Business

View from HR: What can for-profit businesses learn from the Panthers?

There are more Carolina Panthers fans in my neighborhood today than three years ago. I am one of them, brought into the fold by a couple of winning seasons, a charismatic quarterback and a Super Bowl 50 appearance.

At the end of the day, we are rooting for a profit-centered private enterprise. The team is a business, with wealthy owners, income and royalty streams and a payroll to meet. Forbes magazine reported last year the Panthers franchise was worth $1.6 billion, had revenues of $325 million and net income of $78 million. A solid, mid-sized, successful money-making machine!

How does a business spawn this patriotic-like following among its jersey-buying fan base? The Panthers organization is not a religion, a college, a political party or a country. Tickets are expensive lately and beers are ten bucks.

Maybe football and NFL fans are a special case. Still, what can any for-profit business learn from the Panthers about creating fans?

Emotion. The most important lesson for any business is the important role of emotion. Employers underrate the power of emotion to rally, motivate and inoculate employees and customers. The right kinds of emotional experiences inside and outside a company are why people stay, spread the word and buy more (or work harder). The Panthers understand that people make choices based on emotion and justify those choices with logic.

Nothing beats winning. It is my duty to remind recently-minted Panthers fans that seats were easy to get and prices were falling just a few years ago. Private seat licenses were resold at relatively low prices by tired owners. The difference is winning. Employees want to work for a winning organization, too. Winning is defined many ways: meeting goals, delivering on the mission, hitting bonus targets, growing skills/pay, feeling part of a team, being heard, having a good plan, overcoming competitive threats, and building a positive culture. Employees want to be fans of their employer, but if they work hard and never win, your best people move on.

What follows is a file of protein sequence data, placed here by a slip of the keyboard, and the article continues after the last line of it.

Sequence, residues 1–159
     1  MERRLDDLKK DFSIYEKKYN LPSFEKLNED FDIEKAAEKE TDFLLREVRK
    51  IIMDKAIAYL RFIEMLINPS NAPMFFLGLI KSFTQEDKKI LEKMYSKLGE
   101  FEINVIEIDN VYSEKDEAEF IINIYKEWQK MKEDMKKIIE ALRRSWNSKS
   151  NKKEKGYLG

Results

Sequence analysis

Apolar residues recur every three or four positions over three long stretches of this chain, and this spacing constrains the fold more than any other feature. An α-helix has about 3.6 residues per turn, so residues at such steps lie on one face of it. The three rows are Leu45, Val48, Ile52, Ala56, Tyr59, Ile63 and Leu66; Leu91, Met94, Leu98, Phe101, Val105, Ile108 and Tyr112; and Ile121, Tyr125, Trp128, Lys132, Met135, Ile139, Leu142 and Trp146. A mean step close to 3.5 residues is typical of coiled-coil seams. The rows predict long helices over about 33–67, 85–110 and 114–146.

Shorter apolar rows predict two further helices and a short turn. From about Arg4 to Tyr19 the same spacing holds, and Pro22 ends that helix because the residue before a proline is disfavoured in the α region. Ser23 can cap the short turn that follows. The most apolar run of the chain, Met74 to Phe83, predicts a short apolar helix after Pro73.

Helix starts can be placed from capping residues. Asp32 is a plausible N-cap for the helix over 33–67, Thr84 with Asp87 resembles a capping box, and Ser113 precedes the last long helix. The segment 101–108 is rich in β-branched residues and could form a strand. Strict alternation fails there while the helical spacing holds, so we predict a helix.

Quirky can be good. Cam Newton is a talented quarterback with a distinctive style. My wife loves it when he trots over to a young fan and gives away a game ball. He sometimes says goofy things like “hindsight is 50/50.” He has his own, authentic style. Good for him. A successful business leader can be quirky if also authentic. There is no single style or set of behaviors to assure a leader’s success. But employees can spot fakery and manipulation 100 yards away.

Pride. One of the best survey questions to ask employees is “are you proud to tell your friends where you work?” There is only one good answer. “Yes” is an employee’s version of wearing the jersey. When employees are proud to say where they work, why they are proud, and why others should apply, it is the employer-equivalent of a trip to the Super Bowl. When your best people attract other great people, talent shortages are rare.

Go Panthers!

Bruce Clarke, J.D., is CEO of CAI, helping more than 1,000 North Carolina employers maximize employee engagement and minimize employer liability. For more information, visit www.capital.org.

  Comments